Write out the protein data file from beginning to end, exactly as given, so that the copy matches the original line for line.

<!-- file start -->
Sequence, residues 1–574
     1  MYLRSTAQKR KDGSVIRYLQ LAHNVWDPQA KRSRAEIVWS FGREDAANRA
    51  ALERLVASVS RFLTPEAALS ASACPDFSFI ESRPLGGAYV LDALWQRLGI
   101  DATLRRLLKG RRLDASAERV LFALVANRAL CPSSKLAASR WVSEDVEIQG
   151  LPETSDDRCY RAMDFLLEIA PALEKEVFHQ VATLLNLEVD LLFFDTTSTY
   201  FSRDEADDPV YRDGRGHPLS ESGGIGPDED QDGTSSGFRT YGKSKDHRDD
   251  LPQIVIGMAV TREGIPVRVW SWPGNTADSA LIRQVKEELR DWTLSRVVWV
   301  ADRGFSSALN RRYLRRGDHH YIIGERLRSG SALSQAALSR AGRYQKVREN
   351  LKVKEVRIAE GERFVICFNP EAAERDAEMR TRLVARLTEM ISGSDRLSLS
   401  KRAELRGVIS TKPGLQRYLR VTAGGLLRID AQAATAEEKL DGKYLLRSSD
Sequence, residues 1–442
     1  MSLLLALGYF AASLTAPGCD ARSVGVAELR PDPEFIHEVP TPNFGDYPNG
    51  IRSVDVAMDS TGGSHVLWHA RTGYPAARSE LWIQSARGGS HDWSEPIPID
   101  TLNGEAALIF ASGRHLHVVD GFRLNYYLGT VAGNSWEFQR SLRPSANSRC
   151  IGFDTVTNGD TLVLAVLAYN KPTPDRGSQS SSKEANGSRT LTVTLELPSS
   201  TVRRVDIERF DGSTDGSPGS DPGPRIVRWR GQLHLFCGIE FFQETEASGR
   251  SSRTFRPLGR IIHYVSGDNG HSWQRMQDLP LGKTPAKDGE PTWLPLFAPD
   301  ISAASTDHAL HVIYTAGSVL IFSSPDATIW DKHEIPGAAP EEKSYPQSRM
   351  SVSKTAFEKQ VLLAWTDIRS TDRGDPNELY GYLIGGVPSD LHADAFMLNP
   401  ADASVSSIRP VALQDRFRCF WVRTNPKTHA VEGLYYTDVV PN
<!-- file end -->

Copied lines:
Sequence, residues 1–574
     1  MYLRSTAQKR KDGSVIRYLQ LAHNVWDPQA KRSRAEIVWS FGREDAANRA
    51  ALERLVASVS RFLTPEAALS ASACPDFSFI ESRPLGGAYV LDALWQRLGI
   101  DATLRRLLKG RRLDASAERV LFALVANRAL CPSSKLAASR WVSEDVEIQG
   151  LPETSDDRCY RAMDFLLEIA PALEKEVFHQ VATLLNLEVD LLFFDTTSTY
   201  FSRDEADDPV YRDGRGHPLS ESGGIGPDED QDGTSSGFRT YGKSKDHRDD
   251  LPQIVIGMAV TREGIPVRVW SWPGNTADSA LIRQVKEELR DWTLSRVVWV
   301  ADRGFSSALN RRYLRRGDHH YIIGERLRSG SALSQAALSR AGRYQKVREN
   351  LKVKEVRIAE GERFVICFNP EAAERDAEMR TRLVARLTEM ISGSDRLSLS
   401  KRAELRGVIS TKPGLQRYLR VTAGGLLRID AQAATAEEKL DGKYLLRSSD
Sequence, residues 1–442
     1  MSLLLALGYF AASLTAPGCD ARSVGVAELR PDPEFIHEVP TPNFGDYPNG
    51  IRSVDVAMDS TGGSHVLWHA RTGYPAARSE LWIQSARGGS HDWSEPIPID
   101  TLNGEAALIF ASGRHLHVVD GFRLNYYLGT VAGNSWEFQR SLRPSANSRC
   151  IGFDTVTNGD TLVLAVLAYN KPTPDRGSQS SSKEANGSRT LTVTLELPSS
   201  TVRRVDIERF DGSTDGSPGS DPGPRIVRWR GQLHLFCGIE FFQETEASGR
   251  SSRTFRPLGR IIHYVSGDNG HSWQRMQDLP LGKTPAKDGE PTWLPLFAPD
   301  ISAASTDHAL HVIYTAGSVL IFSSPDATIW DKHEIPGAAP EEKSYPQSRM
   351  SVSKTAFEKQ VLLAWTDIRS TDRGDPNELY GYLIGGVPSD LHADAFMLNP
   401  ADASVSSIRP VALQDRFRCF WVRTNPKTHA VEGLYYTDVV PN